WASHINGTON (AFP) - The Trump Taj Mahal, one of the glitzy casinos on which Republican presidential candidate Donald Trump pinned his reputation as a real estate mogul, closed on Monday after a financially tumultuous history.
The 15,000 sq ft (1,394 sq m) hotel and gaming complex, which passed through two bankruptcy reorganisations since it opened in Atlantic City in 1990 at a cost of some US$1 billion (S$1.37 billion), shut down after again piling up losses and failing to resolve a long dispute with workers over wages and benefits.
The casino was no longer owned by Trump, having been taken over by Wall Street investor Carl Icahn in 2014. But it continued to carry the candidate's name, the last of three he launched in the New Jersey coast resort.
The hotel shut its doors officially at 5.59am on Monday (5.59pm Singapore time) as members of the Unite Here service workers union picketed outside.
"Today is a sad day for Atlantic City. Despite our best efforts, which included losing almost US$350 million over just a few short years, we were unable to save the Taj Mahal," Icahn said in a statement.
He said the union, representing a third of the 3,000 workers at the casino, rejected its last offer for a benefits deal.
The union, on strike since July 1, accused Icahn of trying to strip pay and benefits they said was worth more than a third of their total compensation.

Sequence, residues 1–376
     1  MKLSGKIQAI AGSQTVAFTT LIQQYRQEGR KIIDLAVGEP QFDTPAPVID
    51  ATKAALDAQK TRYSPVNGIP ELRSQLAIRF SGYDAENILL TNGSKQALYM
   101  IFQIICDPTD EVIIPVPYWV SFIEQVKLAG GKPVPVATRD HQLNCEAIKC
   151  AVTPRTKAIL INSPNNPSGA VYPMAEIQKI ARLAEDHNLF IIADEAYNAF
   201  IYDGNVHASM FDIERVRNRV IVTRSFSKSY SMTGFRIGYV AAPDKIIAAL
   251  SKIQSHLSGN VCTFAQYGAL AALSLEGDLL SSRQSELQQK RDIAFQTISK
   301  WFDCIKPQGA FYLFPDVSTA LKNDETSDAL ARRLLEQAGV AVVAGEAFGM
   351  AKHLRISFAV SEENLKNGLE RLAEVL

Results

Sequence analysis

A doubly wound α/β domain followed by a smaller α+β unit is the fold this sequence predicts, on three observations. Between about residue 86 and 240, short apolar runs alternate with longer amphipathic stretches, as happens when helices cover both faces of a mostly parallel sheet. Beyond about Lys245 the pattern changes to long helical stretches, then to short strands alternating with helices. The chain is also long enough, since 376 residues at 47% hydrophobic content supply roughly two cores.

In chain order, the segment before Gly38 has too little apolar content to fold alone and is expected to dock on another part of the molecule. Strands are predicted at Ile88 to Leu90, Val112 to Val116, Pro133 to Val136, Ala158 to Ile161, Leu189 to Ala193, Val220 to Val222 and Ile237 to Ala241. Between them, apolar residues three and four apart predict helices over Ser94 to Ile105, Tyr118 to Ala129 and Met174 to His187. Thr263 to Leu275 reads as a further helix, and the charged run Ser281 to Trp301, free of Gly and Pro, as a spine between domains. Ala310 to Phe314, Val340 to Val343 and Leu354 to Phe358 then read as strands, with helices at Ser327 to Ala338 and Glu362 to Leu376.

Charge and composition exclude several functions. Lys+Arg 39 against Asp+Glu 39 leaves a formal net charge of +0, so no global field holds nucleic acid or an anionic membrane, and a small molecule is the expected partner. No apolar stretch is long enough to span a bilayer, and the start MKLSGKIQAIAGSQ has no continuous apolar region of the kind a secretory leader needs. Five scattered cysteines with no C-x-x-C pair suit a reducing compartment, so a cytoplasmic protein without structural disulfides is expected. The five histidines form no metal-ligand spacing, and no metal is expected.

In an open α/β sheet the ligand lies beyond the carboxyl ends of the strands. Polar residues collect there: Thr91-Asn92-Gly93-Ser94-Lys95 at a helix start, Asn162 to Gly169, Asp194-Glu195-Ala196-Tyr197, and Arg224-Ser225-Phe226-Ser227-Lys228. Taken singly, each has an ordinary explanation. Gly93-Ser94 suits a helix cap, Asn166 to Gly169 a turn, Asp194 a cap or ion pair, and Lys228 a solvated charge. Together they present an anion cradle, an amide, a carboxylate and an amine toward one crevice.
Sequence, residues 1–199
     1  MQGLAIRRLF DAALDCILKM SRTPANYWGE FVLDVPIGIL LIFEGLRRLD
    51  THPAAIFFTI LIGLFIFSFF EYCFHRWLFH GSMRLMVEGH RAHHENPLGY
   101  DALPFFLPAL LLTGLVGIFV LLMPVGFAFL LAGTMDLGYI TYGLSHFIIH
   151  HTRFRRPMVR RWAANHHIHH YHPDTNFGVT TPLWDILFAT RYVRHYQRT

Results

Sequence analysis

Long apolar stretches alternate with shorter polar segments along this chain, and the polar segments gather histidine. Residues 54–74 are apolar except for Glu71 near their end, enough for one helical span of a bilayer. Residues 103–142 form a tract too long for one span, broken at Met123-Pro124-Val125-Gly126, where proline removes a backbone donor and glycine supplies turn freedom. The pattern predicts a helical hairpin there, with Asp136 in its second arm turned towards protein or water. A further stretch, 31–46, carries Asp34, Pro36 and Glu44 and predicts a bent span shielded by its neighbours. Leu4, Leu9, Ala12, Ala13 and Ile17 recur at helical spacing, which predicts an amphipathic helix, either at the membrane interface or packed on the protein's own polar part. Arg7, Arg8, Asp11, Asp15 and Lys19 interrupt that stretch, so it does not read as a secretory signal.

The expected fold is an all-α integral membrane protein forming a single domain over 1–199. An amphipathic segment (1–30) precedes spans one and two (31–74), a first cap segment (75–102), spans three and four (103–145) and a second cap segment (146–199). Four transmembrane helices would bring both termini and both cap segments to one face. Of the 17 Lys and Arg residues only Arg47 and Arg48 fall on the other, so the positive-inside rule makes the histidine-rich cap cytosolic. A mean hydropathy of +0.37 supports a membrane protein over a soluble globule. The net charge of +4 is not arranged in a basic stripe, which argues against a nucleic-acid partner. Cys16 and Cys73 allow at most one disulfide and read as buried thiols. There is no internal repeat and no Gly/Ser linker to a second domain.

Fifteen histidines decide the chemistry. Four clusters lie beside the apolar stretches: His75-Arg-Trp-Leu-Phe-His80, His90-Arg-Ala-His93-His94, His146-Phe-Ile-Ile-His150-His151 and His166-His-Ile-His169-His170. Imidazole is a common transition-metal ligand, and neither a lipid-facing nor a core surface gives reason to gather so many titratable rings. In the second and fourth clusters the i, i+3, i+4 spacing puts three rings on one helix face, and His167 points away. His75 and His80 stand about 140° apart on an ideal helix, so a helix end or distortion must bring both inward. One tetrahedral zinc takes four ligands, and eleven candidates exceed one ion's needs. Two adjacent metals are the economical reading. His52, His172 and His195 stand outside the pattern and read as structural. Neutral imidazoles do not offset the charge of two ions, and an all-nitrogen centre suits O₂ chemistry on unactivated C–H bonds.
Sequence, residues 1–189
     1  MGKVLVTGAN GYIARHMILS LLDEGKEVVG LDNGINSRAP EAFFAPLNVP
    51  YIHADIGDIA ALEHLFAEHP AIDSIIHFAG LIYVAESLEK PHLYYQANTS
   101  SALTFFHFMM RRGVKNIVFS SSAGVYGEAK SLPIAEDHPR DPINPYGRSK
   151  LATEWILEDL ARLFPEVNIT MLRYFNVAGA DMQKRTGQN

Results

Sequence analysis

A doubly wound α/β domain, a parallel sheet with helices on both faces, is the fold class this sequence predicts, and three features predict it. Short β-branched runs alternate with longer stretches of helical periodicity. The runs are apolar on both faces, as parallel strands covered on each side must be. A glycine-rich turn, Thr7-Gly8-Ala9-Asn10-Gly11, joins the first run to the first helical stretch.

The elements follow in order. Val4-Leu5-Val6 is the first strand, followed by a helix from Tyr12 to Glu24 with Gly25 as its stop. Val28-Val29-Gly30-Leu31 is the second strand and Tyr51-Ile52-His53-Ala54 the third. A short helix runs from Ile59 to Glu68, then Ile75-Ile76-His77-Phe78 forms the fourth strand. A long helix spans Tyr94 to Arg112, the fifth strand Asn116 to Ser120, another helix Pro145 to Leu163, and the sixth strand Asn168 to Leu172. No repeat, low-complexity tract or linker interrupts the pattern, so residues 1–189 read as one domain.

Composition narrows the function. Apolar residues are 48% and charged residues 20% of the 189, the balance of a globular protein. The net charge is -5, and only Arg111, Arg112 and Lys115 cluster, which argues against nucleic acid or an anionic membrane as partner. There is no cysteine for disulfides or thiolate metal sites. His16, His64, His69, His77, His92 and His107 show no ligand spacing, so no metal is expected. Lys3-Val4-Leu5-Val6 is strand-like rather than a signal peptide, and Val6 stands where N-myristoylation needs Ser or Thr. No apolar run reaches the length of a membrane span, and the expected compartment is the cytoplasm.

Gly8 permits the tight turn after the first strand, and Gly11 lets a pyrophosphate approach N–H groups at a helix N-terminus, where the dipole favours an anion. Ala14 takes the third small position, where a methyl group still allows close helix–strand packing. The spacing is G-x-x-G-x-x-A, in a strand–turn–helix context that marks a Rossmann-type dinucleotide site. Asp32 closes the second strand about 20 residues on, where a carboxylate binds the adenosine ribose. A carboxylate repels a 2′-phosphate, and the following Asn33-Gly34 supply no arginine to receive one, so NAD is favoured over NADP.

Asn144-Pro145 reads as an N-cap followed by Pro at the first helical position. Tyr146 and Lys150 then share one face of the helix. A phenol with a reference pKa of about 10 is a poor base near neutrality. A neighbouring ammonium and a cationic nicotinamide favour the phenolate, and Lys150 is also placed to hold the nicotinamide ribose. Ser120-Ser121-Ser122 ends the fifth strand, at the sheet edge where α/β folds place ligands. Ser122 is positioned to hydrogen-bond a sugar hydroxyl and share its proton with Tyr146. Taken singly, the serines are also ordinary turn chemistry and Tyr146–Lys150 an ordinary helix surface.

"Housekeepers, servers and other casino workers at the Taj Mahal earn on average less than US$12 an hour," they said.
The hotel and casino was one of three that Trump opened with great fanfare - paid for by equally massive borrowings - in the 1980s and early 1990s.
Within a year of the Taj Mahal's inauguration as the "eighth wonder of the world" and featuring pop icon Michael Jackson, Trump had to file for bankruptcy protection. Months later the Trump Plaza and Trump Castle also fell into financial reorganisation.
Trump remained involved but all three hotels stumbled again in the 2000s, and he lost control of them.
The Trump Plaza closed in September 2014 and the Trump Castle, later renamed the Trump Marina, was eventually taken over by Landry's Inc and renamed the Golden Nugget.
The Taj Mahal was the fifth casino to shutter in Atlantic City since 2014, hit hard by too much competition for gamblers from both inside the city and from casinos elsewhere in the region.